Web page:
The United States says there have been more Turkish tweets since the prime minister controversially banned the micro-blogging service than before.
Turkey’s telecommunications authority blocked local access to the US social network last Thursday under orders of Prime Minister Recep Tayyip Erdogan, after opposition members used Twitter to post telephone recordings implicating him in a major corruption scandal.
The move has attracted ire from the international community, with Washington on Friday denouncing it as a blow to “the right to free speech.”
But State Department spokeswoman Marie Harf noted that “there have been more tweets from Turkey since the government blocked (Twitter) than there were before.”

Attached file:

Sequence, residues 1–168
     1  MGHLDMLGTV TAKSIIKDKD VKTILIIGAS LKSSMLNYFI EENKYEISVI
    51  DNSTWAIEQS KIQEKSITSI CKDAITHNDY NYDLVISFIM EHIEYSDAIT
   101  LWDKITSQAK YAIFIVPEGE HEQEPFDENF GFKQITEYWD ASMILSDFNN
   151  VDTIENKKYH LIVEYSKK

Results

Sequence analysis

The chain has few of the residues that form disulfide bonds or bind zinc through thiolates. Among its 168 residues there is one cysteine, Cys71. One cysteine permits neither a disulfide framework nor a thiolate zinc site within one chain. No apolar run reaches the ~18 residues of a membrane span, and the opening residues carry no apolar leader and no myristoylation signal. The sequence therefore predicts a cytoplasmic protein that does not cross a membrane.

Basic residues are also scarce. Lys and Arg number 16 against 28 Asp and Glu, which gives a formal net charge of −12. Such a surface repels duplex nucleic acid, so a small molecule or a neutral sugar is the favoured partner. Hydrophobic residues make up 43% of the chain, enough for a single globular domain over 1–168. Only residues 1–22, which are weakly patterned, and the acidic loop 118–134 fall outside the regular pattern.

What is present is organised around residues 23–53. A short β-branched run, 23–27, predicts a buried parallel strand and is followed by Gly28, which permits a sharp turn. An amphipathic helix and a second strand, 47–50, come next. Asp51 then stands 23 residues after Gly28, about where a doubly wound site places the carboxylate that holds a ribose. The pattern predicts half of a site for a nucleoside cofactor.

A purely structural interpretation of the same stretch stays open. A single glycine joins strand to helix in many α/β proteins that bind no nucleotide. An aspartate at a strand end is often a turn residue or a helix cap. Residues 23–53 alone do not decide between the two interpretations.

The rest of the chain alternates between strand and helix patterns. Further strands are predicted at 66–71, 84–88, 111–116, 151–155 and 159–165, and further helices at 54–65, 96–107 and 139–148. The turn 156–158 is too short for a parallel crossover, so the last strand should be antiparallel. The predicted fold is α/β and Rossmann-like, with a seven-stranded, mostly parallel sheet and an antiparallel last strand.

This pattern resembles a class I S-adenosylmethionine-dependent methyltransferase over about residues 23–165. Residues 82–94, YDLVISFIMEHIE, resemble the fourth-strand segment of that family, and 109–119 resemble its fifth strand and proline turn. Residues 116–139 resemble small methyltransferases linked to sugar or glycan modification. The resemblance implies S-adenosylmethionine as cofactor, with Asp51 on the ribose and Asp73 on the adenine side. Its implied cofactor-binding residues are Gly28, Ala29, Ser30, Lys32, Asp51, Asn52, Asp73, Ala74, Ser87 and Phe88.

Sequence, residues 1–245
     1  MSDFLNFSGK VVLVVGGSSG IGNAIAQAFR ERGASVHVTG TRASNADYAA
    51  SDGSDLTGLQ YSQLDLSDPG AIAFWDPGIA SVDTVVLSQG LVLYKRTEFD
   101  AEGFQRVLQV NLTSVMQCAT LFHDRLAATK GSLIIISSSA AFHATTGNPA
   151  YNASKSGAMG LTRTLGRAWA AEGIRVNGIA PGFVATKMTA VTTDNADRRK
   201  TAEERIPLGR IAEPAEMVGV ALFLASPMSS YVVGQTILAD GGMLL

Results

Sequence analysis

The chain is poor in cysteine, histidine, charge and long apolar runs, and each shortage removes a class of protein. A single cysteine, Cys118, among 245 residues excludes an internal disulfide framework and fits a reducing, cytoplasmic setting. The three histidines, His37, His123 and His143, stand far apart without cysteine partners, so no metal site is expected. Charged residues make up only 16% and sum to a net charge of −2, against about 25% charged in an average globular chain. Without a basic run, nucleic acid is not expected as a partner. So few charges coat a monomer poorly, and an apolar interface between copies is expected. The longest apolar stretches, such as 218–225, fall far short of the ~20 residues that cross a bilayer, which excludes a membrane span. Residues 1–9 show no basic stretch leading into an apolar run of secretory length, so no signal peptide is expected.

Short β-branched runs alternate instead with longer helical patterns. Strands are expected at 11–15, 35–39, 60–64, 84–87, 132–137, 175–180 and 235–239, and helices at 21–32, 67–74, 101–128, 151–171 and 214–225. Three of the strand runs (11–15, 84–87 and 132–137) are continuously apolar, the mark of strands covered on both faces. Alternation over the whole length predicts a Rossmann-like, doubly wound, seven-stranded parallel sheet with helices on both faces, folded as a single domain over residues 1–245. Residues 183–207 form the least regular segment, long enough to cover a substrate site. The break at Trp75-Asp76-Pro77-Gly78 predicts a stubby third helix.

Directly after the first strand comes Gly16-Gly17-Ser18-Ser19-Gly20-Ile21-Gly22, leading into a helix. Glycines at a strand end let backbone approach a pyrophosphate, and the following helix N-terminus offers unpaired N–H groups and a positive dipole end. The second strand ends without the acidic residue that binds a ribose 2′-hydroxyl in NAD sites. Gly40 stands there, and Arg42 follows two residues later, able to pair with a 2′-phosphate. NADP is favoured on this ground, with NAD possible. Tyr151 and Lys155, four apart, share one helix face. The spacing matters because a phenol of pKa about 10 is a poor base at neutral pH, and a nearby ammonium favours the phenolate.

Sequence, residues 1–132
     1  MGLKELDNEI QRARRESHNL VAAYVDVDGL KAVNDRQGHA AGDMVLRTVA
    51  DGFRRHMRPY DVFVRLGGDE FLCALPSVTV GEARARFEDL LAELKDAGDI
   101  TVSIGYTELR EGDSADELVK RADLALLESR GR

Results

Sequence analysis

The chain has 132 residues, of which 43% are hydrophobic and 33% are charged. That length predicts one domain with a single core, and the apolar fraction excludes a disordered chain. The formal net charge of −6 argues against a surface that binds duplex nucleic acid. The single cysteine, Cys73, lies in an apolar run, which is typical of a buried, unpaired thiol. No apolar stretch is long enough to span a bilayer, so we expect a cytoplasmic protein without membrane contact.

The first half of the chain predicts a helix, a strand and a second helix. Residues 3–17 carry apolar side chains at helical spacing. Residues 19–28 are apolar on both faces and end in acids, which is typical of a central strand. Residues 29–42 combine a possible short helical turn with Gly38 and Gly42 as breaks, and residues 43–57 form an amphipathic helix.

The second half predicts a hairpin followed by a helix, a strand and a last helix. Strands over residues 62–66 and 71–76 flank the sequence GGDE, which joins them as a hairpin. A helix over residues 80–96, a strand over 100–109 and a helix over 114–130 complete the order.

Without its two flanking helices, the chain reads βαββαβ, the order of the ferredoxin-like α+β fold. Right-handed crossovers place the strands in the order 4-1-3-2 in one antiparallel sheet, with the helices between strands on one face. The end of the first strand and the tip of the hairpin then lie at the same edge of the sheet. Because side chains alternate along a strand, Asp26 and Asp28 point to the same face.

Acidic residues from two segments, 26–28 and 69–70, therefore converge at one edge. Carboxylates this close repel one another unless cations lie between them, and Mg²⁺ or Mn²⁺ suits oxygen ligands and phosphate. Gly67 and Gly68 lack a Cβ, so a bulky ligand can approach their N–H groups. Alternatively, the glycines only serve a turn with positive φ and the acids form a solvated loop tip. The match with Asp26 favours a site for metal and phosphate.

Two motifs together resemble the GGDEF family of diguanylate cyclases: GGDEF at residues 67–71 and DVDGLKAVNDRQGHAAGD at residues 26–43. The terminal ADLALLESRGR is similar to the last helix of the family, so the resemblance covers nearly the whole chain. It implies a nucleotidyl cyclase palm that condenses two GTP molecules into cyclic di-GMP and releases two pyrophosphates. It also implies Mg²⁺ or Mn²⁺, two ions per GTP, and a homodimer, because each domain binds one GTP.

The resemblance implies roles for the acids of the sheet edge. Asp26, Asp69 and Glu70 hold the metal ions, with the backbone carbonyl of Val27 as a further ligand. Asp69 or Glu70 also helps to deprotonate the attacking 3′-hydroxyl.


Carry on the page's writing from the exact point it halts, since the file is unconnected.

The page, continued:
It was a signal, she said “to people who try to clamp down on freedom of expression: that it doesn’t work, and isn’t the right thing to do.”
“What the world saw was the number of people inside Turkey tweeting about what they thought about it being blocked there,” Harf said.
The US “said very clearly to the Turkish government that this is not acceptable and that we do not think they should be able to block their citizens’ access to these kind of social media platforms,” she said.
The spokeswoman noted the government was also “in contact with Twitter” but did not say if the US would go to court to force Turkey to restore access to the service.
Washington and Ankara have a long-standing military alliance, including through NATO, and the two countries work together closely to support the opposition and the rebellion in Syria.
But relations have chilled in recent months as the US has increasingly criticised the government’s record on respecting civil liberties and human rights under Erdogan.